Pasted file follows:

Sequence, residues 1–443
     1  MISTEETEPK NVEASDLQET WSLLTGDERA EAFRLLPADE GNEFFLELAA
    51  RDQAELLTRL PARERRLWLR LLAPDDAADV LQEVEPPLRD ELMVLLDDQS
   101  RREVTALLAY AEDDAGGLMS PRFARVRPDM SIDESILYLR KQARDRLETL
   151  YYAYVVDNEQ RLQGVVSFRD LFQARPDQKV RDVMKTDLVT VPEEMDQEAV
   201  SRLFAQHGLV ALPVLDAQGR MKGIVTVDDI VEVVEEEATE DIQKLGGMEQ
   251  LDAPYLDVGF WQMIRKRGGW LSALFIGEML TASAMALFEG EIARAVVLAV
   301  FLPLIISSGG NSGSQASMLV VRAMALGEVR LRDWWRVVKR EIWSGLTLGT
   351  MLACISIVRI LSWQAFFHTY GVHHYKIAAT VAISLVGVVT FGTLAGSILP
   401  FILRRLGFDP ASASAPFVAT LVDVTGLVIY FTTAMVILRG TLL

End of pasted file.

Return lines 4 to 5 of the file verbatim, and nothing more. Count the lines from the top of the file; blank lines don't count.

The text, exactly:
   101  RREVTALLAY AEDDAGGLMS PRFARVRPDM SIDESILYLR KQARDRLETL
   151  YYAYVVDNEQ RLQGVVSFRD LFQARPDQKV RDVMKTDLVT VPEEMDQEAV